Primary navigation:

QFINANCE Quick Links
QFINANCE Reference
Add the QFINANCE search widget to your website

Home > Blogs > Mindful Money > What now for Cyprus and its economy? A downwards wage-price spiral?

What now for Cyprus and its economy? A downwards wage-price spiral?

What now for Cyprus and its economy? A downwards wage-price spiral? Mindful Money

Sometimes events in a single country can illustrate a multiple number of the themes of this blog even if the country is as small as Cyprus. Back in the spring of this year it was “rescued” by its partners in the euro area, and since then it has received one of the worst economic harbingers that a country can receive. From the European Commission (and the emphasis is mine):

"Staff concluded that Cyprus’ economic adjustment program is on track."

I take that as confirmation of my initial forecast that the outlook for the economy of Cyprus is simply horrible. It may even exceed the declines seen in its near neighbor Greece.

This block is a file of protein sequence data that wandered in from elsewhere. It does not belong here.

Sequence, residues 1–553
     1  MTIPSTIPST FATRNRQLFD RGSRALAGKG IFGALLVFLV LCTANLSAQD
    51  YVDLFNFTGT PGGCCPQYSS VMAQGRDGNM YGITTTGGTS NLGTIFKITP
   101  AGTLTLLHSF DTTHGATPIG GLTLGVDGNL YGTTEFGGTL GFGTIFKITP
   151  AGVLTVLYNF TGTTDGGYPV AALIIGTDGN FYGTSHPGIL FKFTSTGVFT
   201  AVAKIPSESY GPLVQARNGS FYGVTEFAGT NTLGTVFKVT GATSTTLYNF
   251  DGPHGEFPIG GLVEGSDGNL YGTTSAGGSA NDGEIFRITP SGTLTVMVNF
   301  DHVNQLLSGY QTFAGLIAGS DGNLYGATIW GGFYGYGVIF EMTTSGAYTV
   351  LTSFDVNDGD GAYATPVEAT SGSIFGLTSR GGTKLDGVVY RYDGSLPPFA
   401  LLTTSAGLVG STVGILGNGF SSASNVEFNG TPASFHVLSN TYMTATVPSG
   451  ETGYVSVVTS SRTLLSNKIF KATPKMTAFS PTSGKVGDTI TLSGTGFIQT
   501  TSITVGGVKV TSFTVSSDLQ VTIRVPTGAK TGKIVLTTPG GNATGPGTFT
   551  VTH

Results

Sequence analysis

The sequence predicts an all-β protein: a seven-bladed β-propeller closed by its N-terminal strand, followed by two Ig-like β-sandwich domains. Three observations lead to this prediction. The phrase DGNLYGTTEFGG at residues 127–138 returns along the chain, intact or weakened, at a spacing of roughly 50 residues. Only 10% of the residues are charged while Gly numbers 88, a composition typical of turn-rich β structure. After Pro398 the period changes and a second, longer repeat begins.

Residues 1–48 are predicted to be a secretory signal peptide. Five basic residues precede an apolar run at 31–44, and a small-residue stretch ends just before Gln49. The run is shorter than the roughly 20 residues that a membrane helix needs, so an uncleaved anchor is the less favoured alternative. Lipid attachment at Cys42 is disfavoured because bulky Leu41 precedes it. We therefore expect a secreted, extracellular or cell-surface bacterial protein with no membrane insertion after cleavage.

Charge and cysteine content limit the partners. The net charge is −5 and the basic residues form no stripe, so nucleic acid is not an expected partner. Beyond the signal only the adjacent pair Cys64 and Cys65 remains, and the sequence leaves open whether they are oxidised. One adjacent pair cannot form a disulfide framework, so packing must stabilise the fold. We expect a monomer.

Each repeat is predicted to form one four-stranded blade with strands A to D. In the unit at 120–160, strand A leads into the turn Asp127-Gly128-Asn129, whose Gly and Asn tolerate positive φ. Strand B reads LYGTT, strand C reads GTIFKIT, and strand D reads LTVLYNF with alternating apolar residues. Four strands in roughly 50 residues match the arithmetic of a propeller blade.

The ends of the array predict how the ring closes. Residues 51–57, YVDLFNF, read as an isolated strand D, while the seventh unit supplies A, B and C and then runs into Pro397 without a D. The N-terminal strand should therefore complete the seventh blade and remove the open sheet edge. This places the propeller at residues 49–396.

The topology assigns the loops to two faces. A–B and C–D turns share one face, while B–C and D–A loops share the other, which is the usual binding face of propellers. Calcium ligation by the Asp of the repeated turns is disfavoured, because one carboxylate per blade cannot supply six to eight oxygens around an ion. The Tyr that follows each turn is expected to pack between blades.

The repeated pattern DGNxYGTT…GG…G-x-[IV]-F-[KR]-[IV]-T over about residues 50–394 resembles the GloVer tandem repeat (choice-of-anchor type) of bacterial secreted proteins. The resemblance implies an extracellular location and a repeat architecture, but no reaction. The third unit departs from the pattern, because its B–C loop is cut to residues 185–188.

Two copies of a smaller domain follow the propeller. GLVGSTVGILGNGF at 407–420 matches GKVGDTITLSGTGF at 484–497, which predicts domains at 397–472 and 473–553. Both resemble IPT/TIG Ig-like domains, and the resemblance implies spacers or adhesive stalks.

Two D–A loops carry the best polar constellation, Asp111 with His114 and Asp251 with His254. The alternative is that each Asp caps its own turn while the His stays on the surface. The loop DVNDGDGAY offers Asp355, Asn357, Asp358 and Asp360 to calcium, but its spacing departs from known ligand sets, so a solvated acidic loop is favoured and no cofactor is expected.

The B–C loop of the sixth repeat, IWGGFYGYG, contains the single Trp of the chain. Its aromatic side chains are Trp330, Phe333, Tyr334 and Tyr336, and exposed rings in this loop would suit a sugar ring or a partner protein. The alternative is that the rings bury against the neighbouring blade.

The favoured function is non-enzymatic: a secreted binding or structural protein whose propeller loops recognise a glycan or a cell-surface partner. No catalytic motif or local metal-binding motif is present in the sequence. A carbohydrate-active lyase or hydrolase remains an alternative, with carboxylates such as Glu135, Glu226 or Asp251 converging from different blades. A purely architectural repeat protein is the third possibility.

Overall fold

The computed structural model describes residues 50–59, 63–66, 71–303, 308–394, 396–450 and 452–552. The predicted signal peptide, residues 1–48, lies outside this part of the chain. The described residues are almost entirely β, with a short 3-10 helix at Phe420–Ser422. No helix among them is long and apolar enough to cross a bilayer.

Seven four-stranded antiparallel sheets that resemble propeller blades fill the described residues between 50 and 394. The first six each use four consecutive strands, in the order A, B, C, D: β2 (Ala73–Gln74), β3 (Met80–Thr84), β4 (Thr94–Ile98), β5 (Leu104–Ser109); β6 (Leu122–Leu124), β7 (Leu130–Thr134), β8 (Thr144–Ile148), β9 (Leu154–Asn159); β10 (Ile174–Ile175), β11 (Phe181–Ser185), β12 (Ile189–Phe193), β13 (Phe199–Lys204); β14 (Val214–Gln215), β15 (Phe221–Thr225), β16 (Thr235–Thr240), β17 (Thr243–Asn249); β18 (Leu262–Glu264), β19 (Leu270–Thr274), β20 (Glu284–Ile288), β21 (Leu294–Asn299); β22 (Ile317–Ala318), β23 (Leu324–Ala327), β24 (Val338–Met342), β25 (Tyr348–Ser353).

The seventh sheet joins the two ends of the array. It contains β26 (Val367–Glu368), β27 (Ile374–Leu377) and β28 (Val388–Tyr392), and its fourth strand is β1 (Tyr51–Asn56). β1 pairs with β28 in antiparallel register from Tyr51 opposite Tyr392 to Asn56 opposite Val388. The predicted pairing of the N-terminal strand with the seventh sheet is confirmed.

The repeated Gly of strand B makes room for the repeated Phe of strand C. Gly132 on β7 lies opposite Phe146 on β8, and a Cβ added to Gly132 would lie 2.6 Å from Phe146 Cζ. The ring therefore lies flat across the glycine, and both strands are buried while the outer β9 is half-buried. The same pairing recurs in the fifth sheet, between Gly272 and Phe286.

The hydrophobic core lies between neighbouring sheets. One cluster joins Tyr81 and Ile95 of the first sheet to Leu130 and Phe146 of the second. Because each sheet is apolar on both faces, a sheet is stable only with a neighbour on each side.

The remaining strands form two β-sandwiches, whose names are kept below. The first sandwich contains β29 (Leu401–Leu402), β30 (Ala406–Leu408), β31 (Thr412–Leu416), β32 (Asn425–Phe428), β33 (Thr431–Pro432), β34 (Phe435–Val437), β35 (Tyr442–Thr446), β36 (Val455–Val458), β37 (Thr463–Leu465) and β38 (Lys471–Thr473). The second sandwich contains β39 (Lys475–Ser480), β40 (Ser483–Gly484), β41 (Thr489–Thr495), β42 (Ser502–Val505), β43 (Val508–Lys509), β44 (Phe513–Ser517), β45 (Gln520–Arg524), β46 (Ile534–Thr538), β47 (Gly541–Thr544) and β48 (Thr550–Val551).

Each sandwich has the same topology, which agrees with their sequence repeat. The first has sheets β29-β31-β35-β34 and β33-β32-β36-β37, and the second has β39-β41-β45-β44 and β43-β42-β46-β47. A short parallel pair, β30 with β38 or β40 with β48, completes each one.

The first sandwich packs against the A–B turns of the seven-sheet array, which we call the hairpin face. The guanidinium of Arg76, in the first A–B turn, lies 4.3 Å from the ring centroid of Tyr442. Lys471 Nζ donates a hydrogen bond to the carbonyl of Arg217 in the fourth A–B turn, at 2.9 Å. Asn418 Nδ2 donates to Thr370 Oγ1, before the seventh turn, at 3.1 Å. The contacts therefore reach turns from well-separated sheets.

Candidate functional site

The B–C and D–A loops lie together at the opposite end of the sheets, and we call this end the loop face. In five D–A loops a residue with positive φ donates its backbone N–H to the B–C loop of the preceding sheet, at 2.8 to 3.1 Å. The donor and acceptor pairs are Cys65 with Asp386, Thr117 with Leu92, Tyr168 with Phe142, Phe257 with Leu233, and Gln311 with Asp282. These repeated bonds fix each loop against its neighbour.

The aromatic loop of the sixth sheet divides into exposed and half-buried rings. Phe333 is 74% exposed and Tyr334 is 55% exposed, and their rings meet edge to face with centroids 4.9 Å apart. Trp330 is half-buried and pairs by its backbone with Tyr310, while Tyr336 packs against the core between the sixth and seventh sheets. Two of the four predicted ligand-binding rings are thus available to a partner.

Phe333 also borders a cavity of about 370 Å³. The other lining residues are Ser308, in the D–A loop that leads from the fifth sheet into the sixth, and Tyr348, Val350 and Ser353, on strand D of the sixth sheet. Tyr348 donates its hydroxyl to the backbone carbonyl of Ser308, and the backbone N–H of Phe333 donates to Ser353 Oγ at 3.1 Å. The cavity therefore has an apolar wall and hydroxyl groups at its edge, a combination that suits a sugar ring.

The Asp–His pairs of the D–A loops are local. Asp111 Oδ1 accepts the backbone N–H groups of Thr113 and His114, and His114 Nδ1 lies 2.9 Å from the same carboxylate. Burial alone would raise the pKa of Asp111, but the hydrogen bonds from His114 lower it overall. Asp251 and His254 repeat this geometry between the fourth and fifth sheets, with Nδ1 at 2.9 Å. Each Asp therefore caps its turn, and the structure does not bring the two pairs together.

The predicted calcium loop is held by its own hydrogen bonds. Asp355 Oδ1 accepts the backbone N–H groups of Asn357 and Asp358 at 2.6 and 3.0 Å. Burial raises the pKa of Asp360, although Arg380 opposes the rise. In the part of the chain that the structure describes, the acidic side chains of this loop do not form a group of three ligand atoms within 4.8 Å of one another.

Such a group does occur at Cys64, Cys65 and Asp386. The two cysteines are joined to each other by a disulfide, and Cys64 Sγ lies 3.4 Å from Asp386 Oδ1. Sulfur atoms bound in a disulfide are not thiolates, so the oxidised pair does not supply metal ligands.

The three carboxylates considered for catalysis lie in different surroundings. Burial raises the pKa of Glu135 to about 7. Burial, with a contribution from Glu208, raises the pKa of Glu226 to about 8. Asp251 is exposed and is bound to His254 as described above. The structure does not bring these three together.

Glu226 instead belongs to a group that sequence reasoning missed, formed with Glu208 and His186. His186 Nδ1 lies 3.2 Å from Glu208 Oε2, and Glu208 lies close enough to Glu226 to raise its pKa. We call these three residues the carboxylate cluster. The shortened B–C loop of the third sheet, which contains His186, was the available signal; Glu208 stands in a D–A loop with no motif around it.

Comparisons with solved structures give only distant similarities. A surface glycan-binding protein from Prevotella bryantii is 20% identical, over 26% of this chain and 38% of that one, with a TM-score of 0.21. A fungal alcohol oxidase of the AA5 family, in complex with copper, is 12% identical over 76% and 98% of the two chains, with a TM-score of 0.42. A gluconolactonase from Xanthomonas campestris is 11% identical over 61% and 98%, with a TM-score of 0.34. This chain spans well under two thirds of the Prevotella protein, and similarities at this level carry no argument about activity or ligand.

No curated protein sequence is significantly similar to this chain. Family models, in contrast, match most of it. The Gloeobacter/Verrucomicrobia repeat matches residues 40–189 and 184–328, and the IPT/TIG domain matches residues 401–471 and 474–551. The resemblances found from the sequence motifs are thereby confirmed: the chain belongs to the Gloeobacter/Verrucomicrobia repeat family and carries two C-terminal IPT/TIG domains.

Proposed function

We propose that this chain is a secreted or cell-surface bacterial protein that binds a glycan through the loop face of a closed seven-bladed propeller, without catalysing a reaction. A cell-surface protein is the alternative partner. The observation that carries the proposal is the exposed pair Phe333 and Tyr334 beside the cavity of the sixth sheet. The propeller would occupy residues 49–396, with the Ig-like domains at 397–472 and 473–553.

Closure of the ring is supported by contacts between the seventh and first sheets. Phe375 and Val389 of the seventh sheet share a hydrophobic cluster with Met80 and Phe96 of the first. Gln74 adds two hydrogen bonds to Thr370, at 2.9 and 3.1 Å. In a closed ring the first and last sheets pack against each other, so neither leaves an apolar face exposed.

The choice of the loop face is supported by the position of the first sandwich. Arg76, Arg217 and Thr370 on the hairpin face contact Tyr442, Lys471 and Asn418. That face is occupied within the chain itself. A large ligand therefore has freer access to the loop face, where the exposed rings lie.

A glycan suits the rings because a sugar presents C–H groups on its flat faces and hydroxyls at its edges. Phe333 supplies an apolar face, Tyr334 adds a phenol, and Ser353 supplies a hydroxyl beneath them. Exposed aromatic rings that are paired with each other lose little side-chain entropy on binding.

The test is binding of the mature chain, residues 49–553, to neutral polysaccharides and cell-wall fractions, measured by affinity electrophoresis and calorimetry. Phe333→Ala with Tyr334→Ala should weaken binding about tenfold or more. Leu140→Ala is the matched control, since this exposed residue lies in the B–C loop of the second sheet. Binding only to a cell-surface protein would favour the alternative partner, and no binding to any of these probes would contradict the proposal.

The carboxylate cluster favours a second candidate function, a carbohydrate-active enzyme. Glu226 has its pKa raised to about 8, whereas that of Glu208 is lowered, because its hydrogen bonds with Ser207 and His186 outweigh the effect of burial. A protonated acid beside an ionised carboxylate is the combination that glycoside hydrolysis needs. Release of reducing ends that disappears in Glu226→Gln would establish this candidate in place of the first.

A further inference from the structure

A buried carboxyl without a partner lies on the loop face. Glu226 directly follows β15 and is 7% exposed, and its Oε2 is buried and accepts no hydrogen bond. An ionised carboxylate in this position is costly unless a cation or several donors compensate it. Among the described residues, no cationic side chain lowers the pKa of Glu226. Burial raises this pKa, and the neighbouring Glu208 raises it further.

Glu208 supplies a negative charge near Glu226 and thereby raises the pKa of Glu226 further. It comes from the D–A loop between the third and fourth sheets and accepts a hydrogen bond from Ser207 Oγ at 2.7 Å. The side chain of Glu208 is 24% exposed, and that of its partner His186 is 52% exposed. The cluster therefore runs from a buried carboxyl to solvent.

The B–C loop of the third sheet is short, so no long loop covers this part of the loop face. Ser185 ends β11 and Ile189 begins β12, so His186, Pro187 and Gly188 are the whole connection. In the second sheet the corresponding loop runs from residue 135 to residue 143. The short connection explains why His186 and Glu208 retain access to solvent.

The next theme is that such countries find themselves mired in an enormous amount of debt which, in spite of its size, never turns out to be quite enough. For example, more and more officials and politicians are talking openly about yet another bailout for Greece. The current state of play for Cyprus is summarized here:
"Cyprus has now received a total of €4.5 billion in European Stability Mechanism (ESM) financial assistance out of a total committed amount of approximately €9 billion."

So such a small island is being increasingly weighed down by a heavy debt burden, and there will be another 1 billion euros to be added from the International Monetary Fund (IMF) too. The catch, as you can see, is that it is going rather fast - which has the implication that more will likely be called for. But even now, it is an enormous extra burden as at the end of the first quarter of this year the national debt of Cyprus was 15.34 billion Euros - so the rescue has added around 30% to this already. Before the crisis, Cyprus had a relatively good national debt to economic output ratio - but it had already risen to 86.9% and is currently moving, as the Billboard charts would put it,with a bullet.

Creating another credit crunch